Abstract

Successful digital marketplaces develop their gravitational pull from network effects. Simply put, this means that the more vendors and resellers join a platform, access to more choices attracts more customers who pull in more product and service providers – and this virtuous circle keeps spiraling outwards.

Clearly, it is critical to ensure that vendors and other partners can join a digital marketplace and become operational as painlessly and quickly as possible. Doing this well can have spectacular results: For example, BT, the UK’s largest telecoms service provider, reduced its average partner onboarding time from six weeks to two days. Streamlined processes and standard APIs are foundational to supporting high degrees of automated self-service for the onboarding itself, and transactions.

Conversely, partners might look elsewhere if the onboarding process is not quick and straightforward. There is a danger of the marketplace losing momentum because network effects work in reverse too. If influential partners and vendors decide it’s easier to do business elsewhere, the marketplace’s appeal diminishes, and customers defect, so other vendors have exposure to fewer customers.

This is why getting it right from the start is critical. Onboarding is not only about admitting a partner or vendor to the digital marketplace ecosystem. It is also about getting the necessary integrations in place so that the partner is up and running quickly and efficiently, without delays and retro-engineering.

But that’s only the beginning. The key reason companies join digital marketplaces is to:

  • Shorten the timeline from concept to cash for their product and services
  • Short circuit the traditional linear supply chain approach
  • Mix and match those products as tailored offers to customers (perhaps with those from others)
  • Extend their reach and addressable market in the quickest time possible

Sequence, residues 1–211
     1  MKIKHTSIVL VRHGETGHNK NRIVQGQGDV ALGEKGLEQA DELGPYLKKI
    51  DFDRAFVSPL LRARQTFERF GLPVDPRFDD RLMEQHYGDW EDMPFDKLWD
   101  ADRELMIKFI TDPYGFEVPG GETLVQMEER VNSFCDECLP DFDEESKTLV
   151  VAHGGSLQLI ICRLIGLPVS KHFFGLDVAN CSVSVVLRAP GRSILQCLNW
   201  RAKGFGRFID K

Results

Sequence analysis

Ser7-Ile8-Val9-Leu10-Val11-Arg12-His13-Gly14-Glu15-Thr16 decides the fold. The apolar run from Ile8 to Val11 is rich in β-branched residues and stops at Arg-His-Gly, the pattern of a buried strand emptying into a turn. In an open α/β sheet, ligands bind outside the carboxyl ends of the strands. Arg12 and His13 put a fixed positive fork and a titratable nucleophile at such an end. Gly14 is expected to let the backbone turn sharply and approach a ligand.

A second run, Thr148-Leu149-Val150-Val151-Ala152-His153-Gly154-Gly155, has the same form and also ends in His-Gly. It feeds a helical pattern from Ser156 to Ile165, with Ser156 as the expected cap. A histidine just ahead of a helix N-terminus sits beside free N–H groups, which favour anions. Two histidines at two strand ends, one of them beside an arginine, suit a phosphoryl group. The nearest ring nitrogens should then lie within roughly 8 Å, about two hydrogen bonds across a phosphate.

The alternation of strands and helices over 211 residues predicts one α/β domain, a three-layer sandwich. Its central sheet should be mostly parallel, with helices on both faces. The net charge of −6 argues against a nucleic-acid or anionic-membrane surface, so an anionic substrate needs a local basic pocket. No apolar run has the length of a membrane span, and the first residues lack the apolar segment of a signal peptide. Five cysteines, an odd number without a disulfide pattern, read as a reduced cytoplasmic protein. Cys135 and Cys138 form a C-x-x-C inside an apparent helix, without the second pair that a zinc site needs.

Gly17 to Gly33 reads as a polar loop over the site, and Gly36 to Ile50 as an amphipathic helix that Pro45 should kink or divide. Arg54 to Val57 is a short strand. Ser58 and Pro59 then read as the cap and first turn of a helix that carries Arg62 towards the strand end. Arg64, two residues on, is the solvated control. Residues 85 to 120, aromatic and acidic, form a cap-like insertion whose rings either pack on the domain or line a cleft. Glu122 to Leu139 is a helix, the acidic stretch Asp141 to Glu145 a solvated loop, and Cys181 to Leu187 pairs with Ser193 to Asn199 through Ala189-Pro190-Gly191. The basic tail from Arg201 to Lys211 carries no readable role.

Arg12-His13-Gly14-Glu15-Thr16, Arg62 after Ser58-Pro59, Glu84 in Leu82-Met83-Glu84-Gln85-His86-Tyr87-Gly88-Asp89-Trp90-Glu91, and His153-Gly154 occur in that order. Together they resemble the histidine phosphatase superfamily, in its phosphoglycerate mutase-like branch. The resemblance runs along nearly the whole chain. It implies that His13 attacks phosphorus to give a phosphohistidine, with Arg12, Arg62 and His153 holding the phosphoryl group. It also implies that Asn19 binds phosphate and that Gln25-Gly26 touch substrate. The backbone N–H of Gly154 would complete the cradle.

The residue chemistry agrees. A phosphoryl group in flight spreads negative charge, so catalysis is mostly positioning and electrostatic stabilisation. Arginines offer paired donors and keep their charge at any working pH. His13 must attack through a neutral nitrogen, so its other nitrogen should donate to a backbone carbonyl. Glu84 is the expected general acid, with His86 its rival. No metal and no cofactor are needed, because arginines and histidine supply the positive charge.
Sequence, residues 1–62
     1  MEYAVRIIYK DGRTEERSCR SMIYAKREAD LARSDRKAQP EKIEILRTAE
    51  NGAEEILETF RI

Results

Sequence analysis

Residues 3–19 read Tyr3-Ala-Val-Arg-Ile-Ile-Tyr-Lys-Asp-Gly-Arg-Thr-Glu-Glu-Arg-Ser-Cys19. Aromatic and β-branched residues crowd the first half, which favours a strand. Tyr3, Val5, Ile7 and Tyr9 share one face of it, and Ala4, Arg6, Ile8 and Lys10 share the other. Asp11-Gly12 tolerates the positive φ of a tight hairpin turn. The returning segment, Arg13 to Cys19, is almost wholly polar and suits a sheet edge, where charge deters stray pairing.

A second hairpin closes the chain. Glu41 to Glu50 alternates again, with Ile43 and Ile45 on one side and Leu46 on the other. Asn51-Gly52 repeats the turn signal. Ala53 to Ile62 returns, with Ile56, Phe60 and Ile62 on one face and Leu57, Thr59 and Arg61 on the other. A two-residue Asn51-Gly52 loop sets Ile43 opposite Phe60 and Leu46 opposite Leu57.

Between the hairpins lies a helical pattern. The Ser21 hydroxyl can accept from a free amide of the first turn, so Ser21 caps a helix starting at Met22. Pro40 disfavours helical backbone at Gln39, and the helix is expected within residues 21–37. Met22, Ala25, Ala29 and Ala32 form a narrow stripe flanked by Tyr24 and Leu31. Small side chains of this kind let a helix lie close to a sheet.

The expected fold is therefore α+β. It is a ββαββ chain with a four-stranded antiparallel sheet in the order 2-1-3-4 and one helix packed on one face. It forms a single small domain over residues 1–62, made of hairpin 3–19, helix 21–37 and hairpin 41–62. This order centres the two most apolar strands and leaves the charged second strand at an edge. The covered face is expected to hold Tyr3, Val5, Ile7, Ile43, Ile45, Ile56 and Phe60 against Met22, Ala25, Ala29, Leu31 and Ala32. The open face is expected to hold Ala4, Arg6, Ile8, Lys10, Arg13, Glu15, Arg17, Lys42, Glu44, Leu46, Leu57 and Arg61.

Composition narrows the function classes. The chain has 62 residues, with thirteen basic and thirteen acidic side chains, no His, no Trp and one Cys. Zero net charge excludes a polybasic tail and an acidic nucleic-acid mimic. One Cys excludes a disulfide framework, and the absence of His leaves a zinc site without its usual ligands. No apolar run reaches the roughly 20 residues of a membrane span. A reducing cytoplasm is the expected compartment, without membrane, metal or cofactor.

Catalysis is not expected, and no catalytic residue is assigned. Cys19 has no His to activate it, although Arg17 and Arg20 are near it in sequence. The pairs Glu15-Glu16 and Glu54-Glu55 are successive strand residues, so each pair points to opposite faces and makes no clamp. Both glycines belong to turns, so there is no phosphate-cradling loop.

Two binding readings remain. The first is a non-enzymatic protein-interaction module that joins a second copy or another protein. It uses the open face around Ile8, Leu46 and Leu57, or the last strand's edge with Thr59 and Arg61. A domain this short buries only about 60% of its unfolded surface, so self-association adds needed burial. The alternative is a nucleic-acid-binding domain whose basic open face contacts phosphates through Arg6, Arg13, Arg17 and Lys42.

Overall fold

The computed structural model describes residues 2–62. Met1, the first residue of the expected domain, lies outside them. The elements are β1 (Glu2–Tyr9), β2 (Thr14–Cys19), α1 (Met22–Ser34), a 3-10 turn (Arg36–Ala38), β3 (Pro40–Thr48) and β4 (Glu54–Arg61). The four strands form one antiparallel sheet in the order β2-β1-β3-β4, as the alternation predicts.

Why onboarding counts TWICE

Angela Duckworth’s global best-seller, Grit, describes why effort counts twice: “For talent to become skill, you have to apply yourself. So, talent times effort equals skill; skill is not enough.”

Talent x effort = skill

 

She adds, “Once you know how to play piano or do math, you have to apply that skill…then you need effort a second time to apply that skill and to create things to achieve things. It's skill times effort that creates human achievement. So…effort counts twice.”

Skill x effort = achievement

Respectfully adapting Professor Duckworth’s formula, onboarding is all about applying talent (a company’s products or services) to the marketplace by joining an e-commerce system.

Products & services x effort = Entering a digital marketplace

Simply joining a digital marketplace is not a guarantee of success. Ensuring the right integrations are done correctly and quickly from inception not only gets someone ‘on’ the market fast, but also massively improves their chances of success because it makes them easy to do business with.

Participating in a digital marketplace x effort = Success at speed and scale

In both these adapted equations, APIs are intrinsic to the ‘effort’ element and can multiply what it achieves massively because they are the most pragmatic, speedy, and economical way to achieve many necessary integrations. This means onboarding is completed quickly and painlessly through standardized and consistently applied APIs.

Ongoing API management means the APIs are replicated and reused at every opportunity, reducing IT costs and minimizing time to market over and over again. They are also centrally managed to ensure they are maintained, applied, and updated in a cohesive, consistent way to present a consistent look and feel of doing business with customers and avoid broken processes, smoothing the path to repeat business and profitable transactions.

Introduction

Behind the mask

The essence of a digital marketplace is, from the customers’ point of view, to seamlessly blend the attributes and resources of the marketplace with the services and products on offer from the vendors or other partners. That way, the vendors expand their reach rapidly, without high upfront cost, and customers get more choice at the click of a mouse.

Onboarding vendors and partners is a complex business – the trick is to mask the complications and make it easy for them. A good analogy is driving a car – the average motorist doesn’t need or want to know anything about the intricacies of the engine; they just want it to perform as expected, every time.

To hide complexity from vendors and partners during onboarding, the digital marketplace owner needs to:

  • Create a single end-to-end experience for those onboarding
  • Integrate onboarding steps with internal assets and external systems
  • Use simple, uniform application programming interfaces (APIs), applied consistently
  • Capture any document as part of the onboarding process
  • Enable all participants to see the status of onboarding activities